Former UNF President gives his take on college admissions scandal

Aisling Glocke, Managing Editor

It’s been one week since the news broke of the most recent college admissions scandal. Felicity Huffman and Lori Loughlin were among the 50 individuals charged with allegedly bribing college coaches and other insiders to get their children into select universities. Former UNF President John Delaney was shocked to hear of the scandal and how long it had been going on for.

“Wow. Just wow,” He said was his reaction. ”You know often school’s reputation is tied to what’s known as the ‘Freshman Profile,’ which is how high their high school grades and their SAT or ACT test scores were. So, schools try to compete for the best students, and that’s one of the things we went after when I was at UNF, that we now have the third highest admission standard in the state.”

Delaney believes the proctors and coaches’ discretions were the main suspects in this “Near-perfect crime.”

“What it appears was going on is one, this happened before,” Delaney stated. “People have had substitutes take their SAT for them in the past, but they’ve really have tighten the security on that. In this case, it looks like there was a Harvard grad that would actually pretend to be a proctor and then would either take a test or correct the answers for students. So that was one avenue to be able to try and get an application to be accepted, which is to change the test scores…The other could be a near-perfect crime, which is coaches have pretty broad discretion over who they want to recruit to be members of their teams and most schools will lower the admission requirement for athletes. While I was President we did not do that at UNF and as a result, it’s one of the rare universities in the country where every single team is above a 3.0-grade point average. In this case the coaches were asking for what is known as an ‘athletic exemption,’ which means admitting an athlete with grades or test scores that aren’t the norm, but taking a bribe for it and some of the athletes weren’t even close to really being of a talent that would be worthy of the team. For men’s basketball team, for example, there’s twelve spots and the last couple players may never really play much. A coach can go ahead and bring a couple of those people in and not really hurt the team’s effort.”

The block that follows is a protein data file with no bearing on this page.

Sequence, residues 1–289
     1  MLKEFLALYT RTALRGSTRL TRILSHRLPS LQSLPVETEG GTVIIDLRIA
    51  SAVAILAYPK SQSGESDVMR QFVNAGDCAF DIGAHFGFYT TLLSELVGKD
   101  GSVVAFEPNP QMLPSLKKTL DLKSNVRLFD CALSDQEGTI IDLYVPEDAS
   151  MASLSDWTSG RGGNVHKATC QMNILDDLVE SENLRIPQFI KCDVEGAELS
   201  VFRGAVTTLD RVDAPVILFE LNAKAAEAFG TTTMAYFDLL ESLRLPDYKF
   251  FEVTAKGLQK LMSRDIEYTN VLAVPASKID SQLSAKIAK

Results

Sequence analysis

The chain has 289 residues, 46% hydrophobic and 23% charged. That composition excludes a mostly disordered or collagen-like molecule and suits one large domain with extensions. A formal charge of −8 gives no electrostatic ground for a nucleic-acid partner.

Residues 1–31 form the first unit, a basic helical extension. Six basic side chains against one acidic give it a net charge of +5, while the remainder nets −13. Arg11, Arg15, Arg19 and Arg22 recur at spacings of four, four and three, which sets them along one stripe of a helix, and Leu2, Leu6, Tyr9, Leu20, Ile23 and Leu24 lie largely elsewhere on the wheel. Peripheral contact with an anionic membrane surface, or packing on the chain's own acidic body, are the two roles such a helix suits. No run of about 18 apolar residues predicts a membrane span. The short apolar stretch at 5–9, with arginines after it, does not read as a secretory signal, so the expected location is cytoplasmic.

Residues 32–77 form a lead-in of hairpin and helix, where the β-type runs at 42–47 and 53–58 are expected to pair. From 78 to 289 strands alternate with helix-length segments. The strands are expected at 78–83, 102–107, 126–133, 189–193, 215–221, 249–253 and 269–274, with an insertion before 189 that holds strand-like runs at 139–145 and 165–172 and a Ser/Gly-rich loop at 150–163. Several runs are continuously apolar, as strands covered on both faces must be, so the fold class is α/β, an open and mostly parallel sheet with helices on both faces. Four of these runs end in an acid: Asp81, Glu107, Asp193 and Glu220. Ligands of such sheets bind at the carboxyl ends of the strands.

Another way parents were able to cheat their way into the system was by presenting large donations to the universities.

“A number of the articles are pointing at that in some of these private schools, large donations to the school will persuade an enrollment department to admit a student who isn’t otherwise qualified,” Delaney said. “That’s legal. It may be distasteful, but that’s legal. I don’t know of that going on at a state school. I’ve never heard or seen anything like that.”

Delany believes the issue with the scandal is it’s more of an issue addressing greed then universities enrollment services.

“If somebody is going to cheat, like a coach, then they’re going to cheat,” Delaney Explains. “So yea, it can happen. You would think a flag would go up somewhere is a player would not otherwise qualified to make the team and some questions would get asked. For coaches pretty much they recruit who they want. They still have to get through enrollment services, but for many schools, they pretty much wave the academic requirements and sometimes you’ll wave it for a music student or an art student… You can make exceptions if you otherwise have an exceptional student.”

Amidst the scandal, Delaney stands with UNF and believes this kind of practice would never happen at UNF.

“If I was still President I wouldn’t lose my sleep over because the coaches are high-quality people at UNF and the Athletic Director is a very hands-on guy and if he felt there was somebody who was just not qualified to make the team, he’d be asking questions. And of course, our Enrollment Services Shop, and it’s changing with President Szymanksi, doesn’t really lower the admissions standards for athletes.”

In the spirit of history not repeating itself, Delaney advises universities to keep a close eye on college applicants and speak up if any red flags appear.

“The best bet is going to be to have a couple of sets of eyes on the applicants. If a red flag goes up and somebody can’t participate with the team or has well below the average high school grade point average or test scores that the school normally admits, it’s something to look into.”


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